Sloths are naturally quiet animals. They hardly make any noise. They also do not move quickly. Their limbs are adapted for grasping, hanging, and climbing—not walking or running. They can easily cling to tree trunks or hang upside down from branches, but crawl awkwardly (and very slowly) on the ground. They are excellent swimmers and can hold their breath underwater for up to 40 minutes.

Should you keep a sloth as a pet?

Housing

In the wild, two-toed sloths spend all their time in tall trees. In captivity, they need plenty of trees or structures to spend the entire day hanging from. While they pose little danger to people or pets who keep their distance, sloths can be easily injured, so they should be kept in a secure enclosure to protect them.

In a sloth’s enclosure, position climbing trunks, poles, and branches within reach of each other. Sloths don’t jump between trees like lemurs and monkeys do.

Sloths live in the rainforests of Central and South America, where it is very hot and humid. In captivity, they need the same climatic conditions to thrive. Humans use heaters and humidifiers to create a tropical atmosphere of about 90 to 100 degrees Fahrenheit and 80 to 90 percent humidity. Sloths that are too cold for too long experience a drop in their body temperature and their digestive system shuts down. You can take your sloth out of their makeshift rainforest-like room for short periods of time, but they must return to their room most of the time, including during sleep time.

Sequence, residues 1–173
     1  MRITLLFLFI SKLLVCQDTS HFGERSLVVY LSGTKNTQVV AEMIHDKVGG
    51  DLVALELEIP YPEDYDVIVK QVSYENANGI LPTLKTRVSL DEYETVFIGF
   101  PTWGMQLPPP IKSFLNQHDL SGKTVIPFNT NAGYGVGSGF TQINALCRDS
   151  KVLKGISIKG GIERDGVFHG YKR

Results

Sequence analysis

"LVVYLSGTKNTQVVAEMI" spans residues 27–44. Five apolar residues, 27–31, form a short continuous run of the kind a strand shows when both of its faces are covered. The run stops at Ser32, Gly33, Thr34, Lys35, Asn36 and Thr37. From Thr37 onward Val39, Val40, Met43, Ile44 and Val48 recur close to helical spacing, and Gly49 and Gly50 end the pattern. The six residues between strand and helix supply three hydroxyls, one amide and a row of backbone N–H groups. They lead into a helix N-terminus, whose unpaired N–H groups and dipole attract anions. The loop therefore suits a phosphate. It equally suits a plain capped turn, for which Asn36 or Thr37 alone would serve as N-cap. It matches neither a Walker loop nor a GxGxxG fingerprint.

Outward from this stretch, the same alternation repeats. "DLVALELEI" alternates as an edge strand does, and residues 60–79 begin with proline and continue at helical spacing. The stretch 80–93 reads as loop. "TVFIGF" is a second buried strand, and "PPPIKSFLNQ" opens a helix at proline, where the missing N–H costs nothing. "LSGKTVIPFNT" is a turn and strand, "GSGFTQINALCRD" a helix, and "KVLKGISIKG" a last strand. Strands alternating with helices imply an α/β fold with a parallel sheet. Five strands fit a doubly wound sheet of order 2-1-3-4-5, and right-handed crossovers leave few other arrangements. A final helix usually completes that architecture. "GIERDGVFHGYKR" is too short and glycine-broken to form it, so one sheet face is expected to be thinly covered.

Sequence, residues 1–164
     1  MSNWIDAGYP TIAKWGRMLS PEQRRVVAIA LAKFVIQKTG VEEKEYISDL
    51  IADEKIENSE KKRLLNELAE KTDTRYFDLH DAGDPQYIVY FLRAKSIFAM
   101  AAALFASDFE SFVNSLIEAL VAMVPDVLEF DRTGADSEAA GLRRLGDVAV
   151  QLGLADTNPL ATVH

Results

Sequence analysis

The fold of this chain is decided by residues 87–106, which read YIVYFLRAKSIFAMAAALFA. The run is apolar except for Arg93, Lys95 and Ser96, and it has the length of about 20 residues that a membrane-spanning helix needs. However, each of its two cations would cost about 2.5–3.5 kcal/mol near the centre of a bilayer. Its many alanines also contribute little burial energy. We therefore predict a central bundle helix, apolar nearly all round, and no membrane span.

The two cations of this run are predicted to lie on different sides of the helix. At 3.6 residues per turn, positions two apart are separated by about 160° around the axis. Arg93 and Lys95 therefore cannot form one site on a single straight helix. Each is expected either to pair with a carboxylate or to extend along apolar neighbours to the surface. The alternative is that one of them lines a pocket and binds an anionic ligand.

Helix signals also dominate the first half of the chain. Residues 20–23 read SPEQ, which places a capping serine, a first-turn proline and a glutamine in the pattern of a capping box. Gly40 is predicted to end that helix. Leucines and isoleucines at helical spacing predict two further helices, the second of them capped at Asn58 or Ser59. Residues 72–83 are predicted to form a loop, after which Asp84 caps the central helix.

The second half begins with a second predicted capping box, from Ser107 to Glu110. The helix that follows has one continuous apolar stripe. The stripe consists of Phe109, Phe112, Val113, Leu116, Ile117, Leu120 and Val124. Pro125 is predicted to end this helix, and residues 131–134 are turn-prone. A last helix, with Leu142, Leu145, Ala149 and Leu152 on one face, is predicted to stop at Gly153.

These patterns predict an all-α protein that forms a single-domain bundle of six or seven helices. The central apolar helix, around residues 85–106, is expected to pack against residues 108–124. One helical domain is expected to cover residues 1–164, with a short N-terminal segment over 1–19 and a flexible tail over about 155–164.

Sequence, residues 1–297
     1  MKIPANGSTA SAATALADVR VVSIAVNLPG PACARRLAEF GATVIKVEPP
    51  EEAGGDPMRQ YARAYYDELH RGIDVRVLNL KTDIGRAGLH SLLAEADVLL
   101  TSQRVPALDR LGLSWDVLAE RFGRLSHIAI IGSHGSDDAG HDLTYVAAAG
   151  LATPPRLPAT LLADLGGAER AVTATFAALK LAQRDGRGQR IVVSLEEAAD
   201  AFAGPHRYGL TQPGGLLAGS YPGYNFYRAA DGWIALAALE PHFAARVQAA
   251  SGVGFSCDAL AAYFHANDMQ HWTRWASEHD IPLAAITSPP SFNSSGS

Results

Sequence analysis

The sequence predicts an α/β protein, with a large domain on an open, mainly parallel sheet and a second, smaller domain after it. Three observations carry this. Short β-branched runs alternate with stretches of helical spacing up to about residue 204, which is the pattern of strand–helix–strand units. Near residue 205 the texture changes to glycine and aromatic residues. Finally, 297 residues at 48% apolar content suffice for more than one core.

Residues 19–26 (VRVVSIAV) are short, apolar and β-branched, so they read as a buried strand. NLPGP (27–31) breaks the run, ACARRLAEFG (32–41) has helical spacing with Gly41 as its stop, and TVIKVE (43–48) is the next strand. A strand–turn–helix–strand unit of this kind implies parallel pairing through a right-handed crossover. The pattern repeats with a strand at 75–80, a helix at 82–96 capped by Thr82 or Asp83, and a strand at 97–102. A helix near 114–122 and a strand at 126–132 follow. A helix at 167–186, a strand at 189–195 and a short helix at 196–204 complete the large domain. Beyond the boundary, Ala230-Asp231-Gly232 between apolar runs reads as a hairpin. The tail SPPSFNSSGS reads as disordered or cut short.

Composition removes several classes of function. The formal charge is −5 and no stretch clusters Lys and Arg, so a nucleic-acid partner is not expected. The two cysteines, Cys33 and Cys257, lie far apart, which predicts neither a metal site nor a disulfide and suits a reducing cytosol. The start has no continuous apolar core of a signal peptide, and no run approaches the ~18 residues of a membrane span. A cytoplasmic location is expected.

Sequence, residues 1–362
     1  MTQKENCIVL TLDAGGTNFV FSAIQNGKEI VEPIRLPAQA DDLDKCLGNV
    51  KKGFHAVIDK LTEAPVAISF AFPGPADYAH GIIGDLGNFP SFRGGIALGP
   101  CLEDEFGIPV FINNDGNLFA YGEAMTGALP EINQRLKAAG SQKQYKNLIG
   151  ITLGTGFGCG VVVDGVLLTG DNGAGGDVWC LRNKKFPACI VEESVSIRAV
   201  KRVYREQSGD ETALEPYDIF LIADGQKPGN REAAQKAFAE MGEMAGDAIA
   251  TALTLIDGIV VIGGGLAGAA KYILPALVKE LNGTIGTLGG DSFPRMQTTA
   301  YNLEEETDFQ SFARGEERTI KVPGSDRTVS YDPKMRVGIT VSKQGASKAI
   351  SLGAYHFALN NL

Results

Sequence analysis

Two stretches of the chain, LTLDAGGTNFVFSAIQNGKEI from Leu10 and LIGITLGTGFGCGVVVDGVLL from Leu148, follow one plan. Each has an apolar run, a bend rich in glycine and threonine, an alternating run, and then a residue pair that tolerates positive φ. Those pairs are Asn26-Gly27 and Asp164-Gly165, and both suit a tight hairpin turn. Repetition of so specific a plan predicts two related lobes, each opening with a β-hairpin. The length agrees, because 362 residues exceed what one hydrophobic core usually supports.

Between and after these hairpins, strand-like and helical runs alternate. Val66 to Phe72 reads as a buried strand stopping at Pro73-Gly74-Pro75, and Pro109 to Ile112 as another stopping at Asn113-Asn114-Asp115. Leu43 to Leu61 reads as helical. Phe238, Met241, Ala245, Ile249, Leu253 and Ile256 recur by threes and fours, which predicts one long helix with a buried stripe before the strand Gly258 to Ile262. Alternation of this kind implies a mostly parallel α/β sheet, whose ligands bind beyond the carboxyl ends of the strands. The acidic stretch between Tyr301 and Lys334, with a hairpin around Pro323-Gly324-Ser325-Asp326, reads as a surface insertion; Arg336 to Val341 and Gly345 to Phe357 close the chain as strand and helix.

What Do Sloths Eat and Drink?

One of the most difficult aspects of keeping an exotic pet like a sloth is trying to recreate their natural diet in captivity. Sloths eat leaves, primarily those that grow on the trees of Central and South America. They sleep about 20 hours a day and usually forage for food at night, so offer them food every night. Feed sloths “leaf eater food” such as Marion Leaf Eater Pellet Food or Mazuri High Fiber Sticks that zoos give to their sloths. In addition to the pellets, offer lettuce, dandelion leaves, carrots, apples, green beans, sweet potatoes, and occasionally a grape as a treat. You must not give your sloth leaves from the trees in your yard, and always avoid leaves with pesticides or chemicals on them.

In the wild, sloths get their water from dew on leaves or water in their food. In captivity, attach water and food bowls high up in the enclosure as well as on the ground. Also, attach large lettuce leaves and greens around the enclosure and on branches where the sloth likes to hang out.

A sloth’s metabolism is so slow that it can take up to three weeks or a month for them to digest food. They pee and poop about once a week.